Mattel launches dolls that are neither male or female


By Sarelle London —

First they toned down Barbie’s hyper femininity. Now Mattel has launched dolls that are “gender neutral.” That means, you can’t tell if it’s a boy or a girl.

Creatable World is a series of six dolls that have interchangeable hair, clothes that could be either for boys or girls, facial features and body types that are not readily recognizable as either masculine or feminine. The $30 doll, the toy maker says, can be male, female or neither. They are “non-binary.”

Bible-flouting political progressives are delighted, while Christians who adhere to the Bible’s account of the genetic separation of the sexes are dismayed that another potshot is being fired at vulnerable children.

Maybe Creatable World should be rebranded “Confusable World.” This is the latest salvo from “woke” culture, liberal progressives who are “aware” of current trends and sensitive to everyone’s feelings except God’s.

“There were a couple of gender-creative kids who told us that they dreaded Christmas Day because they knew whatever they got under the Christmas tree, it wasn’t made for them,” says Monica Dreger, who worked on Mattel’s test-marketing of the dolls. “This is the first doll that you can find under the tree and see is for them because it can be for anyone.”

But Christians who monitor culture are concerned that the toys represent another attempt to confuse kids about the God-ordained order of male and female. Already, liberals have infiltrated heavily public schools where they are pushing LBGT agenda through books and teaching.

“These are dolls created by adults for adults to make them feel good about their radical gender theories,” said Focus on the Family’s Glenn Stanton in Baptist Press. “You’re going to be able to find these toys on the discount table in about four months, after Christmas. Parents are not clamoring for this. Kids are not clamoring for this.”

Indeed, while Time Magazine, the New York Times and a slew of other progressive media hailed the dolls as “ground-breaking,” USA Today noted that a mere 5% of consumers, according to a survey, considered buying them just before Christmas when they were launched.

“While people are open to it, it shows that fundamental things that are instilled in us are hard to move,” said Karen Van Vleet, vice president of strategy at Horizon Media’s WHY Group in USA Today. “It’s hard to go against what they were brought up with their whole lives.”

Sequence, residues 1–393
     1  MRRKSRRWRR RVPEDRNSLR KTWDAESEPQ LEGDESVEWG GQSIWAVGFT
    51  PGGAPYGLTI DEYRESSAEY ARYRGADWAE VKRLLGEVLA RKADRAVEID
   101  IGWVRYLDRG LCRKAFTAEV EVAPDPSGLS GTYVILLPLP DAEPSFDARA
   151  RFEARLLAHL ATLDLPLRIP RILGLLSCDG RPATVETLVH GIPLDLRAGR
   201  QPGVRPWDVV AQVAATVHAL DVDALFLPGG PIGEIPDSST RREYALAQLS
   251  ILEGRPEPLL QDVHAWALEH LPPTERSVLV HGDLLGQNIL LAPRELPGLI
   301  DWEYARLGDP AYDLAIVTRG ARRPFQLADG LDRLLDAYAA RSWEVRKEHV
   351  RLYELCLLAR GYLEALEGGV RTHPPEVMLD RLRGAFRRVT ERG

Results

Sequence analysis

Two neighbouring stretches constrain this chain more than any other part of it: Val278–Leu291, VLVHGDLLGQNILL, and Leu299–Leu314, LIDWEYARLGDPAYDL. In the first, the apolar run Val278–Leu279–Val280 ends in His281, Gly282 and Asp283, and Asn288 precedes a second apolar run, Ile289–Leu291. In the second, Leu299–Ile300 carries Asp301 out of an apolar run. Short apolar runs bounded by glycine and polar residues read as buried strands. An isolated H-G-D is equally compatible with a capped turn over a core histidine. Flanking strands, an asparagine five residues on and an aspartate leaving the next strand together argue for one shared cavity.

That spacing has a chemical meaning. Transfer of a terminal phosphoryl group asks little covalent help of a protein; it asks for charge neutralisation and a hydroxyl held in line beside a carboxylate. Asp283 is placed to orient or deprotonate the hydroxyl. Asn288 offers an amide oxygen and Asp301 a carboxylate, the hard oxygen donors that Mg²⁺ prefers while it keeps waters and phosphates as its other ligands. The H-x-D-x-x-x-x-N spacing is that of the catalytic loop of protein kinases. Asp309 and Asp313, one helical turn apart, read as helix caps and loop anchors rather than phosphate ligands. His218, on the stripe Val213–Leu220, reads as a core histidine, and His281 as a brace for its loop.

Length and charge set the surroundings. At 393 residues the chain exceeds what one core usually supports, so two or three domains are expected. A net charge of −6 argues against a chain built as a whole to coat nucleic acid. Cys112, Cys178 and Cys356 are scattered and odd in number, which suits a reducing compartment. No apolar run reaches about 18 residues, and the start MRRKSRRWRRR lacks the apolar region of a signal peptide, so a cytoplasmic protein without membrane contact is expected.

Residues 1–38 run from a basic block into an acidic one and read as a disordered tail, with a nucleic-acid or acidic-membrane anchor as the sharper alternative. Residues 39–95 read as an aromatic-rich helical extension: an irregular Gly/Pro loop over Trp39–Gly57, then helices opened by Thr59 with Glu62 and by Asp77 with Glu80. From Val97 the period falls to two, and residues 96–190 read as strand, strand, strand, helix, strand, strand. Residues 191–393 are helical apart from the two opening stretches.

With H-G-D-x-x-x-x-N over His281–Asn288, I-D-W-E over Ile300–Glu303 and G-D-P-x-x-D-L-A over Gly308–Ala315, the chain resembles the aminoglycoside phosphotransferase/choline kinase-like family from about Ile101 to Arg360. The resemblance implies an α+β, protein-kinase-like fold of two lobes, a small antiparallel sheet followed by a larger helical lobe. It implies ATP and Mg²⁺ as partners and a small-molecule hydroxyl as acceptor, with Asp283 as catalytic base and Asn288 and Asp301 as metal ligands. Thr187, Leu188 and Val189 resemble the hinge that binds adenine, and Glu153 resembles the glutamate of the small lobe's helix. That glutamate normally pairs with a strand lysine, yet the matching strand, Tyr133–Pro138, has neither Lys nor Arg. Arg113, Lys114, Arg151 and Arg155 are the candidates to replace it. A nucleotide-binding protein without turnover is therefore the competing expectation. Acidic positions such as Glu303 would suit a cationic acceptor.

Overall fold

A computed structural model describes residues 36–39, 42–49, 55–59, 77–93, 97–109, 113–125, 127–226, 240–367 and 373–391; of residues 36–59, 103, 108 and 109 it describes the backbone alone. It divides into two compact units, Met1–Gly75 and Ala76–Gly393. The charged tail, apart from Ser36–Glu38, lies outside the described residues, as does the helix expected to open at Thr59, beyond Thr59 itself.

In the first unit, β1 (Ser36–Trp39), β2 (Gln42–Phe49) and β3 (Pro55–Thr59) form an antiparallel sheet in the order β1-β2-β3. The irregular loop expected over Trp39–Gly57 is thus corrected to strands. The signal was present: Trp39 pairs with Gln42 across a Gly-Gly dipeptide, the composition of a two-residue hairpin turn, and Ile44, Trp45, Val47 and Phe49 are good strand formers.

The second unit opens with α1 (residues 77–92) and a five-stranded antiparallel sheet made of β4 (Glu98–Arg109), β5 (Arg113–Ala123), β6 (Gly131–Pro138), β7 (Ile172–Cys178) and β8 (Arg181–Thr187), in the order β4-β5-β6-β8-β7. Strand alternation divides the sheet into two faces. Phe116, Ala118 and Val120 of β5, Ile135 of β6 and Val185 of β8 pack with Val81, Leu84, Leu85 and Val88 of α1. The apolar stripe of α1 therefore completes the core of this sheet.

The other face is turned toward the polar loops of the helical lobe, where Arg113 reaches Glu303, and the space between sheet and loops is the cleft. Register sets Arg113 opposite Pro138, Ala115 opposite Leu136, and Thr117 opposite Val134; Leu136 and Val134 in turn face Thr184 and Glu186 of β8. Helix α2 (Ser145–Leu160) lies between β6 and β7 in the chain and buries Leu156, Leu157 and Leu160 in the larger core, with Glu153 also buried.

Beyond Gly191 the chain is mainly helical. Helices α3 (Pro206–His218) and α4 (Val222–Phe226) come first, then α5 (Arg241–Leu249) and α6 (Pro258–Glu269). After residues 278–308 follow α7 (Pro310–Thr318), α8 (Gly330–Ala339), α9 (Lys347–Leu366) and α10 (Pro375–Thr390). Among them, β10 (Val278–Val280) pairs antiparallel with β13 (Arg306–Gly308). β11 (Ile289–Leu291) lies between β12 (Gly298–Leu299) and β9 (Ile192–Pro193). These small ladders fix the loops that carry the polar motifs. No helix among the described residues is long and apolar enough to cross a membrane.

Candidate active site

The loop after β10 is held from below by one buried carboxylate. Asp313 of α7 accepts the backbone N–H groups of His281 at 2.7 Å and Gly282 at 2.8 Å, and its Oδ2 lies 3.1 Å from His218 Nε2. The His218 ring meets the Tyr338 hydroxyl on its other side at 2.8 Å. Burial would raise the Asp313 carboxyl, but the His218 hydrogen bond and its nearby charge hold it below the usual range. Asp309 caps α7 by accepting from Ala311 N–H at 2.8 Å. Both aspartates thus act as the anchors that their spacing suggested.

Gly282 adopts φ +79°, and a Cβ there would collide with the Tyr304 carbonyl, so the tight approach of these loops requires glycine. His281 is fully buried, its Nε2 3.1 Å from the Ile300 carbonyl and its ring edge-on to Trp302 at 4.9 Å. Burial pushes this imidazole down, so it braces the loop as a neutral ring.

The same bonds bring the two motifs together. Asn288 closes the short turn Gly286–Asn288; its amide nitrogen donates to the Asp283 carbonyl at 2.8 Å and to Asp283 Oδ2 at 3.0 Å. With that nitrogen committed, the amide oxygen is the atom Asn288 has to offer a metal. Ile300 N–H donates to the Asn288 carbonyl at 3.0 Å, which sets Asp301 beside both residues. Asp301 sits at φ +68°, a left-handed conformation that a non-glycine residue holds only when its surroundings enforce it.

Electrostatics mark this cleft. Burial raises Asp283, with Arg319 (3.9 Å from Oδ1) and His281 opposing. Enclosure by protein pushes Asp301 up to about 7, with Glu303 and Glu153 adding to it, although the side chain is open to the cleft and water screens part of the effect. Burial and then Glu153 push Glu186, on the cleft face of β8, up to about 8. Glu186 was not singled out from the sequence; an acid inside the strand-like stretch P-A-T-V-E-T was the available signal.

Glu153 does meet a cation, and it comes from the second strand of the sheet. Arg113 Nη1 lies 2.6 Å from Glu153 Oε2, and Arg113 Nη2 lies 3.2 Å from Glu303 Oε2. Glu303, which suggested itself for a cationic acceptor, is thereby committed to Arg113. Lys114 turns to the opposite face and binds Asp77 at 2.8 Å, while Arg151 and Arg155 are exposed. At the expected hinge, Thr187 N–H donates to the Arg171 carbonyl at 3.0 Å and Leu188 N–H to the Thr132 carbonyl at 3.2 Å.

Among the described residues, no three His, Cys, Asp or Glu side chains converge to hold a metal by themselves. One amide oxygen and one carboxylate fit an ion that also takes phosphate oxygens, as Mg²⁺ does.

Toy stores and toy aisles have been shifting away from the pink and blue aisles. As part of a push to steer girls into STEM, science kits and cars are not just pushed on boys. Girls are encouraged to play sports and boys aren’t discouraged away from nursing.

But Mattel’s move is on a whole other level and lines more up with Drag Queens reading stories to children at the library. Conservative Christians fear they aim for more than just tolerance of all kinds of people – they are cultivating aberrant lifestyles on impressionable children.

“Children can be notoriously fluid in many of their choices,” said Bob Stith, a Southern Baptist gender issues expert. “So why would we blur the boundaries on something so significant [as gender]? That is the height of irresponsibility.”

Mattel’s bold move may be more than just pushing a political agenda. It may be a move of desperation to resuscitate its slumping stock. According to a report in Investopedia in June 2019, Mattel is wringing its hand over declining sales, down 4% in the first quarter of 2019. The maker of Barbie and Ken is losing to Hasbro, the manufacturer of G.I. Joe.

So while Creatable World may be controversial, it may be seized upon by progressives. While they represent a small market share, they may enthusiastically embrace the produce and buy in a frenzy. Nike saw a similar uptick in sales after featuring Colin Kaepernick, who kneeled controversially during the national anthem during NFL games, Time says.

In recent years, Mattel updated Barbie’s unrealistic model-perfect proportions by developing a chubby and a slim doll. She’s been cast as a working woman, person of color and even disabled — all of which to shatter stereotypes and represent evolving views of femininity. The latest iteration, however, seems more like pushing transgenderism than accepting people.

“Mattel is confusing our innocent children by attempting to destroy very definitive gender lines,” conservative website OneMillionMom says. “Why can’t the toy manufacturer let kids be who God created them to be instead of glamorizing a sinful lifestyle?”

Sarelle London studies at the Lighthouse Christian Academy in Santa Monica.